The Huge Cost of Improving Amtrak's Pennsylvanian Even a Little

This is Amtrak between Pittsburgh and Philadelphia: It could cost $13 billion to speed up the tip by 30 minutes, and $16 million to add just one more train.

1 minute read

September 25, 2016, 5:00 AM PDT

By James Brasuell @CasualBrasuell

Amtrak Pennsylvanian

An Amtrak Pennsylvanian crossing Rockville Bridge over the Susquehanna River near Harrisburg. | David Wilson / Flickr

"It's nearly 7½ hours on 350 miles of rail from Philadelphia to Pennsylvania's big city in the west. It's slower than an hour-and-15-minute flight or five-hour drive, and, at $47, comparable to the cost of tolls and gas on the Pennsylvania Turnpike," according to an article by Jason Laughlin.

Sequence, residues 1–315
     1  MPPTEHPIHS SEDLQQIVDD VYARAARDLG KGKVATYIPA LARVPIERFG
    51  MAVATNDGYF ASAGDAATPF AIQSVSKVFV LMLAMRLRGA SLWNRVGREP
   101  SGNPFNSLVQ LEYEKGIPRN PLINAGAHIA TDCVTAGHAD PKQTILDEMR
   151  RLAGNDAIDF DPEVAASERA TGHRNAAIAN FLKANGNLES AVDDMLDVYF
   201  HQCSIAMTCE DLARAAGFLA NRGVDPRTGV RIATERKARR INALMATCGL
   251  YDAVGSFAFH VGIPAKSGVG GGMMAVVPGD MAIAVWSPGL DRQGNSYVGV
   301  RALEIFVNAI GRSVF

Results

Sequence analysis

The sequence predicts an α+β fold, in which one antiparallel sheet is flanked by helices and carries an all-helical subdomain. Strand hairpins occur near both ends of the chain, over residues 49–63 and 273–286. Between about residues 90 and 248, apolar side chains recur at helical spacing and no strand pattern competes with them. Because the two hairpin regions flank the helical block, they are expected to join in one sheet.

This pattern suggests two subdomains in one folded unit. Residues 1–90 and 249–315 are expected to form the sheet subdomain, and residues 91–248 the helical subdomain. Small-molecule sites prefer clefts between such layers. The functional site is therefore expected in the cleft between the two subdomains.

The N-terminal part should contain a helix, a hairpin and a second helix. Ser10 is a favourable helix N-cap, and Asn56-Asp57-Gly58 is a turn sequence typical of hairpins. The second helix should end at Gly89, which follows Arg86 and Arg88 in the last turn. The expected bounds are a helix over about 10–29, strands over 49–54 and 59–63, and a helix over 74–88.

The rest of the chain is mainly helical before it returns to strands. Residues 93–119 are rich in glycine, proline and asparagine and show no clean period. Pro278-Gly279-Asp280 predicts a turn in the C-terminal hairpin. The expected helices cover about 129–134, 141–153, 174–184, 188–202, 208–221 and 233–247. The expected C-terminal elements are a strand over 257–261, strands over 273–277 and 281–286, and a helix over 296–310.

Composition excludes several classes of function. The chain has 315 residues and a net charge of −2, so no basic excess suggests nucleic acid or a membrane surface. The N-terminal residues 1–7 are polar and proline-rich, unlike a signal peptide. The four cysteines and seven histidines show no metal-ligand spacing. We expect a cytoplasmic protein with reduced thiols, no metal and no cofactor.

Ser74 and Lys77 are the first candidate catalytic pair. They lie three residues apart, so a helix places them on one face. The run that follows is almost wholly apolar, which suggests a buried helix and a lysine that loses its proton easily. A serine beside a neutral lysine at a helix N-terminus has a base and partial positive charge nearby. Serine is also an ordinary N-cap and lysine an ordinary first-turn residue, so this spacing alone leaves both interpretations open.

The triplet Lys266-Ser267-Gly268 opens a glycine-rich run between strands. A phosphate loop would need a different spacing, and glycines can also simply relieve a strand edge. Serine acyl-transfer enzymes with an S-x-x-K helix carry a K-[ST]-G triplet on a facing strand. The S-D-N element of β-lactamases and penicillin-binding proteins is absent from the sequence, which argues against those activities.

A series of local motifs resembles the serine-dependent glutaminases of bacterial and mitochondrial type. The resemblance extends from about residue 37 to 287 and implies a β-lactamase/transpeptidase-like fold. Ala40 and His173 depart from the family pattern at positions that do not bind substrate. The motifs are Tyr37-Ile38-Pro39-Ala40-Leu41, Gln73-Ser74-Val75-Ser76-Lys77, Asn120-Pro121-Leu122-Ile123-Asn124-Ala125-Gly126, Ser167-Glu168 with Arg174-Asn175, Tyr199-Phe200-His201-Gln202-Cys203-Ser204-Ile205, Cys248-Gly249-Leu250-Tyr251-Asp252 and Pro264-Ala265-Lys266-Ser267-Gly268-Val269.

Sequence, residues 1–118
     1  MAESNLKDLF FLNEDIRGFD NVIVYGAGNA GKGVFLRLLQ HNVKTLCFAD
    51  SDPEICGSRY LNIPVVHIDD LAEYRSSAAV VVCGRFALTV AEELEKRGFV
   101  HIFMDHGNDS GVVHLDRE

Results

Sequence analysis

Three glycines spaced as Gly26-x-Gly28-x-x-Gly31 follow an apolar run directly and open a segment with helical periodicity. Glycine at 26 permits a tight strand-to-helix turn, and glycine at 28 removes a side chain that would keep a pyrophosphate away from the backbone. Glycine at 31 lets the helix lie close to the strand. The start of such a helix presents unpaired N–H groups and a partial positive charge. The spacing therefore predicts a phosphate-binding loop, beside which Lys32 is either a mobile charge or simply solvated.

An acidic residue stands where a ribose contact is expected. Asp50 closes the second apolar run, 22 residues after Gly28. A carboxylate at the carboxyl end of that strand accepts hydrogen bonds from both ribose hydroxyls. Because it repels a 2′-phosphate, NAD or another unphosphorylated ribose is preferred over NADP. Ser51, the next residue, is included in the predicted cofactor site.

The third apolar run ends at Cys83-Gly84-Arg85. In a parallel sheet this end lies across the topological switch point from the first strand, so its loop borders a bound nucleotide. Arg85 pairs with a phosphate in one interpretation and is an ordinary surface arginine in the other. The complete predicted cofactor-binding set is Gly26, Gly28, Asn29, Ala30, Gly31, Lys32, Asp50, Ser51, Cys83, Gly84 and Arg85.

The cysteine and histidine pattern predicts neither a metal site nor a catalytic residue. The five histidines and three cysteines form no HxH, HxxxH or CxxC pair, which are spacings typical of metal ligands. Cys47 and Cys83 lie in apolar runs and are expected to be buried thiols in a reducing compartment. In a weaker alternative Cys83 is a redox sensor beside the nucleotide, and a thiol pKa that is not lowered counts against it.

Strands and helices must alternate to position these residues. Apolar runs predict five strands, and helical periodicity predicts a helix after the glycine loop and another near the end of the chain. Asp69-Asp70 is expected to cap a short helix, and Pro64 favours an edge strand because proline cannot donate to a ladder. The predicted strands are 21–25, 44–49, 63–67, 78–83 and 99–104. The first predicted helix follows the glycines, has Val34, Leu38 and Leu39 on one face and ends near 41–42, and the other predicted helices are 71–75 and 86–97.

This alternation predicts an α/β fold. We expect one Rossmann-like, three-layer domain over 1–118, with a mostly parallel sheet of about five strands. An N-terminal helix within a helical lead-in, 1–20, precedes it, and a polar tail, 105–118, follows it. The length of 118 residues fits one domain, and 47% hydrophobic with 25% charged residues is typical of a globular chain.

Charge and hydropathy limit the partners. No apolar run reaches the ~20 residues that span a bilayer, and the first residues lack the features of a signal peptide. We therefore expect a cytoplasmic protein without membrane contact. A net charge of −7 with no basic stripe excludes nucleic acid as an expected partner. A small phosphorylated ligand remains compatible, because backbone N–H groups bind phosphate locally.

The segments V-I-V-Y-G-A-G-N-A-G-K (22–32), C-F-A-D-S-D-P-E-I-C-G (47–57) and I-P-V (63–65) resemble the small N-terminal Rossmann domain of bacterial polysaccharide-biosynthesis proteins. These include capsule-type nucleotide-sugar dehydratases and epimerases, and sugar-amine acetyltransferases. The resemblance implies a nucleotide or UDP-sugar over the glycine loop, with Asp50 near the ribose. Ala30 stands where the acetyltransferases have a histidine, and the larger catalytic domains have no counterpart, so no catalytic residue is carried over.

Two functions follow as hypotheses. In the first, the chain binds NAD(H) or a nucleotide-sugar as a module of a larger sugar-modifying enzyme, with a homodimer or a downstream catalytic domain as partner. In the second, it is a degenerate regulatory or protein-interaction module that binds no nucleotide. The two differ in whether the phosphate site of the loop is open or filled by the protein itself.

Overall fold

Laughlin notes the growing volume of advocacy for more and better service on Amtrak's Pennsylvanian, which transit officials pondered at an August hearing. The idea: to improve the 250-mile Keystone Line, the tracks between Harrisburg and Pittsburgh, and adding one more trip a day.

Geography and track rights stand in the way, according to Laughlin. And then there's the brass tacks:

The state expects an additional round-trip to cost $10 million to start, and an additional $6 million each year in operating costs. Track improvements to allow faster trains would run between $1.5 billion and $13 billion, according to a 2015 PennDot report. The most ambitious option, straightening the route and adding an additional track in places, would shorten the trip by just a half-hour in each direction.

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